Sammy Butcher at Warumpi Hill near Papunya, Northern Territory. Photography: Neil Murray

Butcher hopes he can set one more example for his people: he is fully vaccinated against Covid, and encourages everyone in his community to do the same: “If I can do it, we all can,” he said. But in Papunya, as in other indigenous communities, rates are lagging behind: less than a quarter of the population of 515 is protected.

In the neighboring town of Yuendumu, it is even worse: only 30% of the 679 people received their first vaccine. “They are very reluctant, especially in certain desert regions in the west, [and] in the Kimberleys, ”Murray says. “People are very sensitive to the things they read on social media. “

Warumpi Rock features a number of Rolling Stones covers, and Rrurrambu has often been compared to Mick Jagger. But Murray says he was influenced by the Stones a lot more than Rrurrambu was. “If anything, GR looked more like a Bon Scott character. He certainly had that larrikin vibe and couldn’t resist a party.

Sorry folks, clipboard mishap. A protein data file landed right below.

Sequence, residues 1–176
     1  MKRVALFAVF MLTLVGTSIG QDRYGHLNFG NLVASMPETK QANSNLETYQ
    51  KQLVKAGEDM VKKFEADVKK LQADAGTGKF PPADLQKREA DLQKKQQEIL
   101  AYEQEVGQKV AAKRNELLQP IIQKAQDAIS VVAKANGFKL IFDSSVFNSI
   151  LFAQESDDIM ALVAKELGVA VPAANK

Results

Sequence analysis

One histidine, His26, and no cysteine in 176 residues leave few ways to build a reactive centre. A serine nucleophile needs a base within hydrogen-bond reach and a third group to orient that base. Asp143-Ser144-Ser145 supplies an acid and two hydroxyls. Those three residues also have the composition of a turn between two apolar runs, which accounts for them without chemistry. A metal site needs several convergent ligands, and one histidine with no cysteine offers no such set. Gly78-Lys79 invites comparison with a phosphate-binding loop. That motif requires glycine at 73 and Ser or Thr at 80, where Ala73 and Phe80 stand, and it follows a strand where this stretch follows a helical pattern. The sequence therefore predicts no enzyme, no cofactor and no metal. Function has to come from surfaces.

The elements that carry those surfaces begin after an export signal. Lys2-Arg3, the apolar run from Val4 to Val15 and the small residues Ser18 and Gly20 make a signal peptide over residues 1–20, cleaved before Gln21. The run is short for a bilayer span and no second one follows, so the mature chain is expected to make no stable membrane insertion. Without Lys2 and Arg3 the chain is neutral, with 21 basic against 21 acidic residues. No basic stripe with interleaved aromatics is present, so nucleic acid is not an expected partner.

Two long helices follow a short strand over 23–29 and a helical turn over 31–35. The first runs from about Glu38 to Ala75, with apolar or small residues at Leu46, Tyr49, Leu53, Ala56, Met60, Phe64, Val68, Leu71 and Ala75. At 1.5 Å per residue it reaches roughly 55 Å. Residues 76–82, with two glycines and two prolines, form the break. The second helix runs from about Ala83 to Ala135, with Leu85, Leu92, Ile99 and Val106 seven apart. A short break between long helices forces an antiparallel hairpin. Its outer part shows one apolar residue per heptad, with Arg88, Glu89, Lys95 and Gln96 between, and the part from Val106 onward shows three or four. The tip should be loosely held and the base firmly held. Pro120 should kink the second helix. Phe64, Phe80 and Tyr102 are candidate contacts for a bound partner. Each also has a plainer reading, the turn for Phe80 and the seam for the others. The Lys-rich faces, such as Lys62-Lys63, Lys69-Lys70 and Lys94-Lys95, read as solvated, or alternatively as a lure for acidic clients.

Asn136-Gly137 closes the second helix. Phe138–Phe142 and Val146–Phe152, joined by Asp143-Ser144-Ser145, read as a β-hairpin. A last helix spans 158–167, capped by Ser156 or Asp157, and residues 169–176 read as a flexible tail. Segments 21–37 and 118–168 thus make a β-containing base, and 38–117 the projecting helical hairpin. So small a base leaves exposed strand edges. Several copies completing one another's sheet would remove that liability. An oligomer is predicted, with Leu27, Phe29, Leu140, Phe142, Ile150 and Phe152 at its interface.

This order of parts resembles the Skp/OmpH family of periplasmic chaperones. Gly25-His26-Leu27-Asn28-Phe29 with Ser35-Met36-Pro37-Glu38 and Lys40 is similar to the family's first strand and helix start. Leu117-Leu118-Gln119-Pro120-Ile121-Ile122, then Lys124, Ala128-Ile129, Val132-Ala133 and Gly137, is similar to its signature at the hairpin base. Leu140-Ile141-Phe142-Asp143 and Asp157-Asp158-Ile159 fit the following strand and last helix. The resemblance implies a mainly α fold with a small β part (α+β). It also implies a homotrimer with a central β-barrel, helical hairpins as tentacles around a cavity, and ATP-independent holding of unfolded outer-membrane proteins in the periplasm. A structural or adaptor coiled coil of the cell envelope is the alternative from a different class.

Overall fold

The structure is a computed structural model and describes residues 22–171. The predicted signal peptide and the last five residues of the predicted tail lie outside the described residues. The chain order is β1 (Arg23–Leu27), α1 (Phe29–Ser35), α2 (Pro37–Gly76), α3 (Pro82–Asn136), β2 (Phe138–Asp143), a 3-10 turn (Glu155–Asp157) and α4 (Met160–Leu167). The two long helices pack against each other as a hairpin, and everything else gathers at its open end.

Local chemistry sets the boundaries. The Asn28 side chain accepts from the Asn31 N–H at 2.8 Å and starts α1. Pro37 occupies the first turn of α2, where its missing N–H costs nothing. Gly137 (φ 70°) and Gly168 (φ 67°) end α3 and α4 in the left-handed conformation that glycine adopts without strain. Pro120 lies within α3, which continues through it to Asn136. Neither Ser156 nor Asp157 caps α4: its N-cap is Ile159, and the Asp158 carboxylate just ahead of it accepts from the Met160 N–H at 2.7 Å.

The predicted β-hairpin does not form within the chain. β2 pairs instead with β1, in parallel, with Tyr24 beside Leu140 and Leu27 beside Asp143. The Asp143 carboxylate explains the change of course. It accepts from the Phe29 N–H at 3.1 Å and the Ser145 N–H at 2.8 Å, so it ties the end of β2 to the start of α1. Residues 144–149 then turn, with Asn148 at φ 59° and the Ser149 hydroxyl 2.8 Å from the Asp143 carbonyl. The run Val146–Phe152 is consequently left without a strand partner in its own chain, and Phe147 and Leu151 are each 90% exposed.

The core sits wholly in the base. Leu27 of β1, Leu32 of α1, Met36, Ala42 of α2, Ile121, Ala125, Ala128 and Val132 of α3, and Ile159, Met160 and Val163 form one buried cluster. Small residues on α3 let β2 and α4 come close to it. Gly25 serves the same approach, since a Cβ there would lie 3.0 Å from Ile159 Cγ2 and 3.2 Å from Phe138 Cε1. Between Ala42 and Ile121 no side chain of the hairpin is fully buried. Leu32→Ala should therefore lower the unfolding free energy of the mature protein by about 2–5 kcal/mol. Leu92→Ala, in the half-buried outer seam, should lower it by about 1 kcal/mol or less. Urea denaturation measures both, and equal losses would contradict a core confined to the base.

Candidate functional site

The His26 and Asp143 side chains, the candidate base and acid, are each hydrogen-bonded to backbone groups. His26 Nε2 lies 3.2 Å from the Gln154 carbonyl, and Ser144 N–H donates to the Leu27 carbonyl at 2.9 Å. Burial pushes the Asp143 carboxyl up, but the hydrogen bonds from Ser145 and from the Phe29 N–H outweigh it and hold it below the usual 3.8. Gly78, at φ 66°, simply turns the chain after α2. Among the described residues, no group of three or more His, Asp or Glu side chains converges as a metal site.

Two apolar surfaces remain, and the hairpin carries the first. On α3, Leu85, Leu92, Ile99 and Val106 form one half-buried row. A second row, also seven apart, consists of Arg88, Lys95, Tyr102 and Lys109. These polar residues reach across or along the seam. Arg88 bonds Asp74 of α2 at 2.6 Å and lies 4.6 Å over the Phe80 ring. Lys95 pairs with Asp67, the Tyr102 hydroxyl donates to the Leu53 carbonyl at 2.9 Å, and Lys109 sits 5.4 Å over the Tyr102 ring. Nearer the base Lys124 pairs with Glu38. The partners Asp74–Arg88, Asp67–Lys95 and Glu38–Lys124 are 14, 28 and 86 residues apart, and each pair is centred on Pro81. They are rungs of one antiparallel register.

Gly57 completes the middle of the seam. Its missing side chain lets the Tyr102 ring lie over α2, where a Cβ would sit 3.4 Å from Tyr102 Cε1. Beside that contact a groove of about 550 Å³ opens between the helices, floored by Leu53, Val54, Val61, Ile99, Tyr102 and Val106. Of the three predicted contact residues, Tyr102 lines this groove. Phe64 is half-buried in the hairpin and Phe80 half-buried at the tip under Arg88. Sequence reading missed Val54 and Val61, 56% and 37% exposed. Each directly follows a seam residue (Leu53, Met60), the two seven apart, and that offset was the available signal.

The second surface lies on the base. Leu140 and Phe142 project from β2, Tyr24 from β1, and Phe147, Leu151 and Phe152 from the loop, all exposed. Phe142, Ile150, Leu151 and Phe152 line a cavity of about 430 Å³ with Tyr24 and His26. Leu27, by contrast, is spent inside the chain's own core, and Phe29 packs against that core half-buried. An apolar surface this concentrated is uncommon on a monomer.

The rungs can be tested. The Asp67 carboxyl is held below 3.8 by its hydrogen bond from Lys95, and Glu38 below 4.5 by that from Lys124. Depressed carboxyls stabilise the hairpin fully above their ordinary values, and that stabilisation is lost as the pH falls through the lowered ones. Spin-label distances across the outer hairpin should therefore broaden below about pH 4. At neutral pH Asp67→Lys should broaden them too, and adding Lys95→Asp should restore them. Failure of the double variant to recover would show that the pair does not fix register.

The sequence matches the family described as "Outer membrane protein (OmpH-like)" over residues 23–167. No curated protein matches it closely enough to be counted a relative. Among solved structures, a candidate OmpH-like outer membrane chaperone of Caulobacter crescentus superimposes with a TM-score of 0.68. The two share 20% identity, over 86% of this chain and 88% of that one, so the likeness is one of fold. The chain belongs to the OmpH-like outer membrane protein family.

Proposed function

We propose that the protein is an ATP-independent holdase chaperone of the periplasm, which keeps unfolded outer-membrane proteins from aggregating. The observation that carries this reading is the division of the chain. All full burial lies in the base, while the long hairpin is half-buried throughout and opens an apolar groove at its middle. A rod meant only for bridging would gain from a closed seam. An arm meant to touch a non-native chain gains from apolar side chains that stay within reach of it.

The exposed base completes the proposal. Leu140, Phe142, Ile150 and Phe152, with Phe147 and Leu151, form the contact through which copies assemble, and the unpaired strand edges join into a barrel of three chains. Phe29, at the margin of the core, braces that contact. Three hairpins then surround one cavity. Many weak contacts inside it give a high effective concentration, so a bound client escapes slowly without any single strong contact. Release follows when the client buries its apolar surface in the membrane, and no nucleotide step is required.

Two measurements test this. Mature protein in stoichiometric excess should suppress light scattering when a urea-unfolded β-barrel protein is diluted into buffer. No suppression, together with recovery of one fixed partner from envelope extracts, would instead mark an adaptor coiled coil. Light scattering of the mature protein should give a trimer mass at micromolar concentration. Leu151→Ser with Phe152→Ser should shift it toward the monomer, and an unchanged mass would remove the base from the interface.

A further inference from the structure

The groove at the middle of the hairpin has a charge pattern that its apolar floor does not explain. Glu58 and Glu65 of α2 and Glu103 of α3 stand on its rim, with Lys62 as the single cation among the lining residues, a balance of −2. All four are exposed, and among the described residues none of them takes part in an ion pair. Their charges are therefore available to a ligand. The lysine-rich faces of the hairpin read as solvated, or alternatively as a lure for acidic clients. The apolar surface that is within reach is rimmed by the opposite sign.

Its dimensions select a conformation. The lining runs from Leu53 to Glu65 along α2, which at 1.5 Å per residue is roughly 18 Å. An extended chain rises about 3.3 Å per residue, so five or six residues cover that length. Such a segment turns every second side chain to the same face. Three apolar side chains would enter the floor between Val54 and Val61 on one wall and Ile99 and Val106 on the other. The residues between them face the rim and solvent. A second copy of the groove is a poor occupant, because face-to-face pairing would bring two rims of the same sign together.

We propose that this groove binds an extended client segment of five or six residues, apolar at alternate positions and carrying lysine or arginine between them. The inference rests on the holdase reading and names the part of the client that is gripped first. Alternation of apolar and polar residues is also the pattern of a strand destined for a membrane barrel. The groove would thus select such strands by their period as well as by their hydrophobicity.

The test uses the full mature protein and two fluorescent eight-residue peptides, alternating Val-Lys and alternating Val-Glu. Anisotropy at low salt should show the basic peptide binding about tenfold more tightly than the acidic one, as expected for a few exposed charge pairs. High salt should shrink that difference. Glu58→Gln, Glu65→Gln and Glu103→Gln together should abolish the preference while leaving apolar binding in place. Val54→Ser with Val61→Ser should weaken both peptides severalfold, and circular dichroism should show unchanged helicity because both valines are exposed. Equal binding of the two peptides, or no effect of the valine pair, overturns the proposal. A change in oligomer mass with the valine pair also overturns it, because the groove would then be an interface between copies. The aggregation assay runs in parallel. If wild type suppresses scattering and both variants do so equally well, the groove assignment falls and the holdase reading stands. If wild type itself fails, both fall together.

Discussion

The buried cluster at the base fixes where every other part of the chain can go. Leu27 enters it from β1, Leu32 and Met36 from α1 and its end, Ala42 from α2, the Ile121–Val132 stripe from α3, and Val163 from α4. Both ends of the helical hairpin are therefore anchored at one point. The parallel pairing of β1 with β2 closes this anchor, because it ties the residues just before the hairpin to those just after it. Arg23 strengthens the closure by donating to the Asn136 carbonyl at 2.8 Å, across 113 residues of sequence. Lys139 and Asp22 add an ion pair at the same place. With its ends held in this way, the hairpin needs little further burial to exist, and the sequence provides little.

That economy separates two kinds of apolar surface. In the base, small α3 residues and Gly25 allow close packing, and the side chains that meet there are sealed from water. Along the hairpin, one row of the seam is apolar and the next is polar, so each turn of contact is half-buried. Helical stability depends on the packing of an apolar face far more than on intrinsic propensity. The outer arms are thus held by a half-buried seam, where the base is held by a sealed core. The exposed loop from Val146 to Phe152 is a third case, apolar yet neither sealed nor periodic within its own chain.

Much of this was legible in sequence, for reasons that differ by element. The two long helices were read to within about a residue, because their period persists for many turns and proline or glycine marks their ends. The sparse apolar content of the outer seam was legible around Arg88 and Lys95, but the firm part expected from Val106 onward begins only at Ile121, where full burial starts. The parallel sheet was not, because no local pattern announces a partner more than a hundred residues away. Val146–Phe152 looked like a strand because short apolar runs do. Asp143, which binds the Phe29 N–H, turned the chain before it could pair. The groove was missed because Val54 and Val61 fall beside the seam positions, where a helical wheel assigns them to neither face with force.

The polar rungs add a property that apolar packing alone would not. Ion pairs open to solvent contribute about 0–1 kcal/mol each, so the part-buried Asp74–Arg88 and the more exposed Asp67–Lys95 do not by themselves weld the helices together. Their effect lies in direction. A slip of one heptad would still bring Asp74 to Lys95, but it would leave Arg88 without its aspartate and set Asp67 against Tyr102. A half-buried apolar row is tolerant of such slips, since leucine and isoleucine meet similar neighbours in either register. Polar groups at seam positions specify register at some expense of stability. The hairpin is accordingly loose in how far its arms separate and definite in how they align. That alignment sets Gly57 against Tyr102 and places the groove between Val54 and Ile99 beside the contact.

It was during a break from Warumpi Rock sessions that Murray and Sammy Butcher wrote their first original song together, Jailanguru Pakarnu (Out from Jail). It was sung in Luritja – the first rock song written in an Aboriginal language and the band’s first single, released in 1983. “This is about a prisoner, coming out of prison, trying to integrate into his family” , Butcher said.

The group had been prompted to start writing their own material by the Alice Springs-based Central Australian Aboriginal Media Association, formed in 1980. Co-founder Philip Batty, who had traveled to Papunya to record the group for the session , suggested that they write the song in Luritja – better for radio station listeners.